The McKinley Park Project is one of many projects accomplished through the collaborative efforts of Onondaga County Save the Rain and the City of Syracuse Parks and Recreation Department. As a neighborhood park, McKinley Park has served the recreational needs of the community since 1920. The primary goal of the project is to reduce the volume of stormwater that flows into the combined sewer system along West Newell Street, West Calthrop Avenue, and West Pleasant Avenue – all within the CSO 067 area. This project implements various green infrastructure technologies, including bioretention (also known as rain gardens) and porous pavement with an underground infiltration system. This infrastructure will capture runoff from the park and surrounding areas, totaling 51,000 square feet of drainage area. Stormwater will slowly soak into the ground or evaporate, eliminating excess runoff into the sewer system and improving the overall stormwater management and drainage in this area.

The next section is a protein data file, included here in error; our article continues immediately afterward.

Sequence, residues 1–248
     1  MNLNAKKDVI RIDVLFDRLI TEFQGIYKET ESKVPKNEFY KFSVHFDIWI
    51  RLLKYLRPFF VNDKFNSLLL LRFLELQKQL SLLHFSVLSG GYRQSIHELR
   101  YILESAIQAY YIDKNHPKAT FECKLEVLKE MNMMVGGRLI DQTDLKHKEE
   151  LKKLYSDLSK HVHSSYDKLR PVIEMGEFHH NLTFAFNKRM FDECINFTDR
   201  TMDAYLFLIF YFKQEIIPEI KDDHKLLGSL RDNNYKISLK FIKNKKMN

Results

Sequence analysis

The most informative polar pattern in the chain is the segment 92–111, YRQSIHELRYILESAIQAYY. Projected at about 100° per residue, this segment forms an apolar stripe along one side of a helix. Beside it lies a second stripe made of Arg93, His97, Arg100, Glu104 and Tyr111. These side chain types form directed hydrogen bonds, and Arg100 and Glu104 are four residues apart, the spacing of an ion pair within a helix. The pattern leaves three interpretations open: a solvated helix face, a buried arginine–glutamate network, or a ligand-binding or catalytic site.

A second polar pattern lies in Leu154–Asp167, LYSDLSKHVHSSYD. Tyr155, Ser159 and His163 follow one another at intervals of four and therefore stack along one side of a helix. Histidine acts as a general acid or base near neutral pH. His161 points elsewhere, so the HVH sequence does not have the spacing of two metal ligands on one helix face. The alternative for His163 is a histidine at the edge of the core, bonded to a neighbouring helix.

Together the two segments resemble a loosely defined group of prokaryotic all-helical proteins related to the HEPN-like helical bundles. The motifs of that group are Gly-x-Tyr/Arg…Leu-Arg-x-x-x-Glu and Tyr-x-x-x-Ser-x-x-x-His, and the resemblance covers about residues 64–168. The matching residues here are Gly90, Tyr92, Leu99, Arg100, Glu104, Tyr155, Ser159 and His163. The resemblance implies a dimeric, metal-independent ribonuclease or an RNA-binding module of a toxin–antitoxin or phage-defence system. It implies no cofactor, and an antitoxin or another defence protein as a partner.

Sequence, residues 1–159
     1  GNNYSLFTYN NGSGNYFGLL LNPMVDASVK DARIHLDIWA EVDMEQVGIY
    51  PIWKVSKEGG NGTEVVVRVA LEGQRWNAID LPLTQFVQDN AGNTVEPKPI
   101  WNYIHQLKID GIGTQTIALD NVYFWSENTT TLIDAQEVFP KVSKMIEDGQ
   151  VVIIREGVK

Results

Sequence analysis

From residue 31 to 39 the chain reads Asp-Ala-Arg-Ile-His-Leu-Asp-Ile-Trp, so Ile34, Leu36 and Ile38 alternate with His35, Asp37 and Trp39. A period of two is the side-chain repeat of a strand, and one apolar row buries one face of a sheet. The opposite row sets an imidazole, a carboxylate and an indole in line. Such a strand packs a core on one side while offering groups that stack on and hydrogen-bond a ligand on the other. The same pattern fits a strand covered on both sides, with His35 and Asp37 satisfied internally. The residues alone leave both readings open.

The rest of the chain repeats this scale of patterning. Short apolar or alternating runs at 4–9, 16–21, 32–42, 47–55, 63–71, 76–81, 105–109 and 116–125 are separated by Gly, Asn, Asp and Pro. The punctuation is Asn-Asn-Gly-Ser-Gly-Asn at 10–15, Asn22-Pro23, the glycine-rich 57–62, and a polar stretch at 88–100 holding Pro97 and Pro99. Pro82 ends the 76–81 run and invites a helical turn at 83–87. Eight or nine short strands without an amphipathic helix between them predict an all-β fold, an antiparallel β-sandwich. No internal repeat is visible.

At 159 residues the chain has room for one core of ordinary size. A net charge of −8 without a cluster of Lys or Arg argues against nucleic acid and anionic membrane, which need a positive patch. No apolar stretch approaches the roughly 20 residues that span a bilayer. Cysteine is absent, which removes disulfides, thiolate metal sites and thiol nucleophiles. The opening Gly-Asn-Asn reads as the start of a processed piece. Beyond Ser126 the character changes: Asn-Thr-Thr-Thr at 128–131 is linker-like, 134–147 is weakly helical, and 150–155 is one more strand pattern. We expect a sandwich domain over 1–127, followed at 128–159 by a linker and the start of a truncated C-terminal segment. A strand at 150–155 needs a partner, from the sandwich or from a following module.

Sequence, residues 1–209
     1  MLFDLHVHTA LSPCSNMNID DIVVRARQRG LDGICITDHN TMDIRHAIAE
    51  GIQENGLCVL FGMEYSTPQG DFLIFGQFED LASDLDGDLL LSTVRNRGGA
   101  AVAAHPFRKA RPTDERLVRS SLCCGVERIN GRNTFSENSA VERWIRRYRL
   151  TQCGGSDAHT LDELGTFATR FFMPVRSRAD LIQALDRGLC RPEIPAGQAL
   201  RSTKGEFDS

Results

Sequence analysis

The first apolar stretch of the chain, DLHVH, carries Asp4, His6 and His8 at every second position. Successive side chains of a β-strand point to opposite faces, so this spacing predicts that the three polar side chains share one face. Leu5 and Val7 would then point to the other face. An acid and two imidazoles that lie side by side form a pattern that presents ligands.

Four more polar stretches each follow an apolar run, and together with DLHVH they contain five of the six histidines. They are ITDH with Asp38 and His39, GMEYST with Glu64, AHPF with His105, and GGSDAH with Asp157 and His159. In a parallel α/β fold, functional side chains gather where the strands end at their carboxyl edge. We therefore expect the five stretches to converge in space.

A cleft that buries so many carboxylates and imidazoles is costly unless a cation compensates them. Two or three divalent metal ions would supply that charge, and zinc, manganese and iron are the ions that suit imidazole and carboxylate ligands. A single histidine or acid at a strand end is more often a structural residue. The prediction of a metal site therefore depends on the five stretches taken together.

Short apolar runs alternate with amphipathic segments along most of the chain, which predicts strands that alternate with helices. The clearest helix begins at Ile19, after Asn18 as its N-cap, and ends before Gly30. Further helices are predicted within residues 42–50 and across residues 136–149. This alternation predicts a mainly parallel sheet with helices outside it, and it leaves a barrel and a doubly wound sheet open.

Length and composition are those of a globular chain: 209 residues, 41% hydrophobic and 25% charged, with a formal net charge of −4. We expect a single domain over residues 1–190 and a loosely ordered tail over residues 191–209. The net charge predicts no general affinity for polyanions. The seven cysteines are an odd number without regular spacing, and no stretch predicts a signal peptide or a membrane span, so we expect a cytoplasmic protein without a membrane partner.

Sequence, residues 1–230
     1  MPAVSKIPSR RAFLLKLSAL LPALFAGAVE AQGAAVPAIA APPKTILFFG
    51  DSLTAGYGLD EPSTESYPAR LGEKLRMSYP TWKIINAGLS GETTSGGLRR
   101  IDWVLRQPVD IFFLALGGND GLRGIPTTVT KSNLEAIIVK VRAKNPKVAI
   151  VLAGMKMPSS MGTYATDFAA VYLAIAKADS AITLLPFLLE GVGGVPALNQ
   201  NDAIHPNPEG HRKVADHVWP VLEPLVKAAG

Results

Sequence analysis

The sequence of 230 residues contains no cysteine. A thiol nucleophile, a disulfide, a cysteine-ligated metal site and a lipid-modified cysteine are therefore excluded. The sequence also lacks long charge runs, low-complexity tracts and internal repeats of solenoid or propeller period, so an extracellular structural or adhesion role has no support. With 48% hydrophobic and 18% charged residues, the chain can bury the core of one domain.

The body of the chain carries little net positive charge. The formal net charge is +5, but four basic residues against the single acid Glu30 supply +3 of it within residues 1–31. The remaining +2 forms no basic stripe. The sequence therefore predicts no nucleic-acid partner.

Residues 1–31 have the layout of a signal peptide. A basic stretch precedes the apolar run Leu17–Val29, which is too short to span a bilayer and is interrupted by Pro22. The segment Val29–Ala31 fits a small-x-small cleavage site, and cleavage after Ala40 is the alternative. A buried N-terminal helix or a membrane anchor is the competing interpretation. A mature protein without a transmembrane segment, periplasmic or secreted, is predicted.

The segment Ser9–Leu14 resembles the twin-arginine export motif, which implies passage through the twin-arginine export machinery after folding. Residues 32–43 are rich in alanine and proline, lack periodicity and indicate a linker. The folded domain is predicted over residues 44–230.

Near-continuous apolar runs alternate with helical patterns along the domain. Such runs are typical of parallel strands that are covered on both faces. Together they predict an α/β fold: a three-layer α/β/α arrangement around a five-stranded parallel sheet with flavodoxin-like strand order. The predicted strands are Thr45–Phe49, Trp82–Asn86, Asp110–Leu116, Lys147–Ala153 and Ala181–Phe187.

A secondary goal of this project is to enhance McKinley Park by increasing green space and improving the basketball court. Existing pavement formerly used as a tennis court was removed entirely and replaced with open green space. Additionally, the former basketball half court was replaced with a full-sized porous pavement basketball court in partnership with the Jim and Juli Boeheim Foundation’s Courts4Kids Program. Court construction was finished during the summer with a ribbon cutting on August 1. Construction of the remaining improvements is scheduled to be completed in 2018. When the project is complete, an estimated 945,000 gallons of stormwater runoff per year will be removed from the combined sewer in the CSO 067 area.
Purchased by the City of Syracuse in 1920, McKinley Park was formerly a brickyard with a pond and a well. Since then the city has built a pool, spray park, athletic fields, and a modern playground in addition to the porous pavement basketball courts.
Historical information courtesy of Paul Pflanz, Author of “Exploring Green in the ‘Cuse – A User’s Guide to Salt City Parks” and the Syracuse Parks Conservancy
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